- 1 Profit First: Transform Your Business from a Cash-Eating Monster to a Money-Making Machine
- 1.1 Key Insights
- 1.1.1 Get out of the Survival Trap
- 1.1.2 Profit Needs to come before your ego
- 1.1.3 Change the way you think about profit
- 1.1.4 Parkinson’s Law
- 1.1.5 Avoid bank balance accounting
- 1.1.6 Just take 1% (until you’re ready to kick it up a notch)
- 1.1.7 Focus on Profit, not GROWTH
- 1.1.8 If you’re having one of these two responses, it is ok!
- 1.2 Summary
- 1.1 Key Insights
Profit First: Transform Your Business from a Cash-Eating Monster to a Money-Making Machine
If you’re like many small business owners, financial freedom is probably one of the reasons you went into business for yourself. Not having to rely on someone else to cut you a paycheck, no limit on what you can earn... that’s the dream! Ironically, though financial freedom is what many of us are searching for, it's incredible how quickly you can get bogged down and stressed out by managing expenses when you start a small business. Mike Michalowicz, the writer of Profit First, has a solution to dealing with financial burdens: putting profit first. Read on to discover how putting profit first can be game-changing for your small business, how it can help you to get out of the survival trap, and why adhering to the standard formula for determining profit might be holding you back.
Get out of the Survival Trap
Many people who start businesses find themselves caught up in what the author calls “The Survival Trap”. The trap often starts with not having enough money to cover expenses, which leads to trying to generate income at all costs: often at the expense of the business’s integrity or future goals. Even if it means taking on shady clients, or creating/advertising products they don’t want to sell. Eventually, they get stuck with the consequences of these practices. They start making poor decisions due to stress, develop a roster of bad clients, and lose touch with the vision they once had for their business. Business owners caught in this trap can become enslaved to their business, often while not prioritizing their own pay… which means they’re stressed and broke. Efficiency can never become a priority when a business is in a constant state of crisis, which means sadly, the crisis will often repeat itself. Not to mention they don’t have money in their account for the projects they would really like to do, and they can feel as though they’re inching towards a nervous breakdown. A total nightmare! There is a better way! But first….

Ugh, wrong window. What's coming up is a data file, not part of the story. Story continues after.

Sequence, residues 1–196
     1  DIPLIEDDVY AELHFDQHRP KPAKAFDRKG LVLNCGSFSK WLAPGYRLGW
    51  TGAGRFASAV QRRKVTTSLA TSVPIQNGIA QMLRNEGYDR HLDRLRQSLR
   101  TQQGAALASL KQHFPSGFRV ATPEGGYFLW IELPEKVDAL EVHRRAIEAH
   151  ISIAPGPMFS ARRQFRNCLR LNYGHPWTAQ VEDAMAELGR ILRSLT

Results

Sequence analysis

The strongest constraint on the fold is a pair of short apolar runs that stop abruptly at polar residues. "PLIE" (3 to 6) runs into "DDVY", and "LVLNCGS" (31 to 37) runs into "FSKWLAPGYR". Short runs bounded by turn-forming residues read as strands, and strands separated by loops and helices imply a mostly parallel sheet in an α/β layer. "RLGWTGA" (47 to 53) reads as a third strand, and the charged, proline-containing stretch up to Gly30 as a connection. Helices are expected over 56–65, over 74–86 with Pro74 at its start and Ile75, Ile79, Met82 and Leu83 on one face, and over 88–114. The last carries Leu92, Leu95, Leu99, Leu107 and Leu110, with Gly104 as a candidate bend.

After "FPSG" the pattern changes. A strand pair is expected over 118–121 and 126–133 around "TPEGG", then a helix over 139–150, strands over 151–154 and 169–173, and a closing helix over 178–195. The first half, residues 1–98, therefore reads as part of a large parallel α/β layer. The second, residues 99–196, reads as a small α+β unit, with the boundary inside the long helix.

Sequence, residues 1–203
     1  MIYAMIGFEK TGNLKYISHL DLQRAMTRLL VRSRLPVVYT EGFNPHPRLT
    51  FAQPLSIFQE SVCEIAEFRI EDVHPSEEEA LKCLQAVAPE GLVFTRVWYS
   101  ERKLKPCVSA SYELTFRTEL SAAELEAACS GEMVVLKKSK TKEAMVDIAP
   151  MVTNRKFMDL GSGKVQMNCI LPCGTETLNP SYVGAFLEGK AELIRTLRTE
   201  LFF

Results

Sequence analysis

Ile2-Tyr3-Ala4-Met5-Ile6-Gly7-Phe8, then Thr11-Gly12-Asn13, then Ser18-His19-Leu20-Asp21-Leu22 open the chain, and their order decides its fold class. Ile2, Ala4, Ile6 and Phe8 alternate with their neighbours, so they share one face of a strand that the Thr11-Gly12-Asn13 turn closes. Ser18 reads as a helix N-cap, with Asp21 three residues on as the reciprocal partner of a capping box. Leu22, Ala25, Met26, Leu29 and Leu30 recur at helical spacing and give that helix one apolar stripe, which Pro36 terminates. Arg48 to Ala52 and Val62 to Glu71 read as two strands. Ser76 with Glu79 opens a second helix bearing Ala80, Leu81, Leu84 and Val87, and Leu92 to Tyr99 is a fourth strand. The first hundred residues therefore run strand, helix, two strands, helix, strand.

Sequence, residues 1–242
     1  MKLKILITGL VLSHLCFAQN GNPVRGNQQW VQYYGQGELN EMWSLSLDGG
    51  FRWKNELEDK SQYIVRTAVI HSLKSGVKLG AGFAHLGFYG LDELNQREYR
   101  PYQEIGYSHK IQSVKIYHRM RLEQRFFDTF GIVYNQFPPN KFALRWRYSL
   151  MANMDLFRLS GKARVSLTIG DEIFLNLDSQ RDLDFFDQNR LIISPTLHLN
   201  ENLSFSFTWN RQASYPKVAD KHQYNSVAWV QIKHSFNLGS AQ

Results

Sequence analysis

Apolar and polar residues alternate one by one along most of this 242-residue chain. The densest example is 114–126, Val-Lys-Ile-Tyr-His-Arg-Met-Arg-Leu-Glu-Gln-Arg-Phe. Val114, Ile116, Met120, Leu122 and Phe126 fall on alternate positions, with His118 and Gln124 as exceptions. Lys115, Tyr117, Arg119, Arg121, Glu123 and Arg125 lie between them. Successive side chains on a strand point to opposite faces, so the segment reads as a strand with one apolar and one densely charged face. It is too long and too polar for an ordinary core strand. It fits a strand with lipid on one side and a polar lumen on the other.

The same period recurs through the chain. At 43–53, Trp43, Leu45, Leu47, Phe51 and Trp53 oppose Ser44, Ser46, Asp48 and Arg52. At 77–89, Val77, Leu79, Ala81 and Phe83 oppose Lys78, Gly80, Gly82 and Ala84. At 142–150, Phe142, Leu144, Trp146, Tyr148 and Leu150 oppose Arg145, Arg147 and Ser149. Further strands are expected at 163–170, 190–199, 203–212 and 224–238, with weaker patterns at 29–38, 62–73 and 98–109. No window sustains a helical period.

Profit Needs to come before your ego
Though author Mike Michalowicz was a very successful business owner, he lost everything due to one fatal mistake: letting his ego get the best of him. The day he received a $388,000 check for one of his super successful companies that were being sold to a Fortune 500 firm was the day he, according to his book, lost his mind. His ego got massive and he began funding start-up after start-up, with each one failing until he had only $10,000 to his name. Moments after this realization, his accountant told him he owed $28,000 to the IRS and a $2,000 fee for doing his taxes. Financially, he hit rock bottom. He had nothing. While he was down there, he realized that he had been structuring his businesses ineffectively, for a variety of reasons, but with his unchecked ego in the driver’s seat, he just couldn’t see it. From his financial failure, he realized that profit needed to be the top priority, before absolutely anything else, even his ego.
People make a lot of mistakes when growing their businesses, but not putting profit first is the most fatal. In order to do this, you’ll need to change the way you think about profit entirely.
Change the way you think about profit
Most business owners have heard of GAAP Formula for Determining Profit
Sales - expenses = profit
Slightly altering this formula gives you:
Sales - profits = expenses
This formula is a representation of taking your profit first. Remove your profit from your sales generated income, and you’ll know the amount you have left to spend on expenses. Pretty simple, right? Take out your profit FIRST, and then see what you have left. There’s your budget for your expenses. But why does this work?
Parkinson’s law states that whatever amount of a resource is allocated to us, will become the amount that we need. For instance: if you are given 2 weeks to complete a project, the time needed to complete the project, regardless of how long it might take without the deadline, will become two weeks. If we apply Parkinson’s law to the GAAP formula for determining a business profit, we see that if we are taking our profit out first, instead of our expenses, we can control how much we spend on expenses. If we make $40 in sales, decide we are taking $20 our for-profit, we now have $20 allocated to expenses: and we will have to make our expenses fit that amount. In the old system, business owners are taking expenses directly from revenue, with little to no control or awareness of how much this would leave for profit. Profit should be the first thing you think of, the first thing you take out of sales, and the first thing you focus on in every avenue of your business. It seems simple enough, right? But how can we maintain this system?